Photon counting detectors (PCDs) may provide several benefits over energy-integrating detectors (EIDs), including spectral information for tissue characterization and the elimination of electronic noise. PCDs, however, suffer from pulse pileup, which distorts the detected spectrum and degrades the accuracy of material decomposition. Several analytical models have been proposed to address this problem. The performance of these models are dependent on the assumptions used, including the estimated pulse shape whose parameter values could differ from the actual physical ones. As the incident flux increases and the corrections become more significant the needed parameter value accuracy may be more crucial. In this work, the sensitivity of model parameter accuracies is analyzed for the pileup model of Taguchi et al. The spectra distorted by pileup at different count rates are simulated using either the model or Monte Carlo simulations, and the basis material thicknesses are estimated by minimizing the negative log-likelihood with Poisson or multivariate Gaussian distributions. From simulation results, we find that the accuracy of the deadtime, the height of pulse negative tail, and the timing to the end of the pulse are more important than most other parameters, and they matter more with increasing count rate. This result can help facilitate further work on parameter calibrations.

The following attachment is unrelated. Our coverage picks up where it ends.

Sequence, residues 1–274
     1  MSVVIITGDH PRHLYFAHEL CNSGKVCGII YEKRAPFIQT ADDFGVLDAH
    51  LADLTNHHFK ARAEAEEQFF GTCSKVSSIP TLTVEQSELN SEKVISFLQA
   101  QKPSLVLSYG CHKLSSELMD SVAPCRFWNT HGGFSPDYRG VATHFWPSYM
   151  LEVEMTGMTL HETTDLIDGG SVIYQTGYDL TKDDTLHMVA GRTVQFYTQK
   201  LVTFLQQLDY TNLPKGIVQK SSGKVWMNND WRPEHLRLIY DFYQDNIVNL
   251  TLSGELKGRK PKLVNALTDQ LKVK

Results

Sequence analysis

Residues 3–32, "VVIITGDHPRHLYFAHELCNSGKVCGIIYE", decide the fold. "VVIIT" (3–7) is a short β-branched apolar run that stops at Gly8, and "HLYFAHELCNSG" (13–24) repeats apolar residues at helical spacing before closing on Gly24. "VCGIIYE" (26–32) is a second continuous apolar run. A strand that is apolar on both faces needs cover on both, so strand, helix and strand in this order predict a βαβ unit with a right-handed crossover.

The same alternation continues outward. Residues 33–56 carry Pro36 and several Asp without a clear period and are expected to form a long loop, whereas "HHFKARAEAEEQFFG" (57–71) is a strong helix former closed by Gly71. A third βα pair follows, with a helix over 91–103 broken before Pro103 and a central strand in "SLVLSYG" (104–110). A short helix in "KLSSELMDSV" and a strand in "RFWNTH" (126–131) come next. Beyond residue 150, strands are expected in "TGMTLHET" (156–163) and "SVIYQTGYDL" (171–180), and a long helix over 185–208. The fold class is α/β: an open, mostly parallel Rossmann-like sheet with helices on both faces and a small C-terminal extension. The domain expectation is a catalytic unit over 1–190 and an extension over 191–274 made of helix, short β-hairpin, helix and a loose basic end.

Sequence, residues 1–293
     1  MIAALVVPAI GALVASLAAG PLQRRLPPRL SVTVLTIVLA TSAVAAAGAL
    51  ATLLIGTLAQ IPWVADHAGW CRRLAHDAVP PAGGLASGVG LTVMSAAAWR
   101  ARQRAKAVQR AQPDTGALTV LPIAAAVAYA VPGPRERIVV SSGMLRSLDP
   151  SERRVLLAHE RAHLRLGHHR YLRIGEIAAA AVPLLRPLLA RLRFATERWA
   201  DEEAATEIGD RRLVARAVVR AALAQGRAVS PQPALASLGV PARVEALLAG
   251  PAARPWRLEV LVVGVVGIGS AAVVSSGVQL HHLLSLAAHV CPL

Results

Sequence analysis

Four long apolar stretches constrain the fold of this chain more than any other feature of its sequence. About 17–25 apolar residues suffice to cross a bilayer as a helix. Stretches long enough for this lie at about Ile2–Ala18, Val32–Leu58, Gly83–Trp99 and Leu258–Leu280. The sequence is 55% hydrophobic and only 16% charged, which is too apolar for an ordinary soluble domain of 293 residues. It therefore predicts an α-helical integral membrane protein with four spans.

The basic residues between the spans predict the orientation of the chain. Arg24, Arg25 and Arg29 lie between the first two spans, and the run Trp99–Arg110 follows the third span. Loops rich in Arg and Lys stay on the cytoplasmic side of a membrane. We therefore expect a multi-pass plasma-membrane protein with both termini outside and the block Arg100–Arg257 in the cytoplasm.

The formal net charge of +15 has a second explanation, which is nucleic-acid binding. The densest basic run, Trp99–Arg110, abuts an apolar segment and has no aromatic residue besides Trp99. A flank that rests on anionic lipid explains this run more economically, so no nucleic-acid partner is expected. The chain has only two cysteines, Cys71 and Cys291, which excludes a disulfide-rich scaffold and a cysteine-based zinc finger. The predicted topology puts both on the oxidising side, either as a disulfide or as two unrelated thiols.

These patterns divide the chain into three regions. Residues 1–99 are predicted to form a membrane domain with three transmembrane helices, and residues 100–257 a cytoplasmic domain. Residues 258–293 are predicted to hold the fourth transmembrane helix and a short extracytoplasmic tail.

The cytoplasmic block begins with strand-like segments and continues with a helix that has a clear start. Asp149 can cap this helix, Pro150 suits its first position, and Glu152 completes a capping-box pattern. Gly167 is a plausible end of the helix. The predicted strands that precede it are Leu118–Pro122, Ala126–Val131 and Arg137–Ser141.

With many attractive attributes, photon counting detectors with many energy bins are being considered for clinical CT
systems. In practice, a large amount of projection data acquired for multiple energy bins must be transferred in real time
through slip rings and data storage subsystems, causing a bandwidth bottleneck problem. The higher resolution of these
detectors and the need for faster acquisition additionally contribute to this issue. In this work, we introduce a new
approach to lossless compression, specifically for projection data from photon counting detectors, by utilizing the
dependencies in the multi-energy data. The proposed predictor estimates the value of a projection data sample as a
weighted average of its neighboring samples and an approximation from other energy bins, and the prediction residuals